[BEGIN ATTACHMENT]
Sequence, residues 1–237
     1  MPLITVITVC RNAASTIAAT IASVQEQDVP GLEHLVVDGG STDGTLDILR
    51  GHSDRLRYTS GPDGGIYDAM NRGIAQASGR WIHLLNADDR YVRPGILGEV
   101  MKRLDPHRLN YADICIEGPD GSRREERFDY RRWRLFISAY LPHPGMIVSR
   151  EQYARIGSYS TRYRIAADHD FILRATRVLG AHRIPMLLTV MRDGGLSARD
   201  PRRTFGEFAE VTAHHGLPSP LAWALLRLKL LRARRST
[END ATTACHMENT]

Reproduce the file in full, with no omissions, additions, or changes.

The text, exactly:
Sequence, residues 1–237
     1  MPLITVITVC RNAASTIAAT IASVQEQDVP GLEHLVVDGG STDGTLDILR
    51  GHSDRLRYTS GPDGGIYDAM NRGIAQASGR WIHLLNADDR YVRPGILGEV
   101  MKRLDPHRLN YADICIEGPD GSRREERFDY RRWRLFISAY LPHPGMIVSR
   151  EQYARIGSYS TRYRIAADHD FILRATRVLG AHRIPMLLTV MRDGGLSARD
   201  PRRTFGEFAE VTAHHGLPSP LAWALLRLKL LRARRST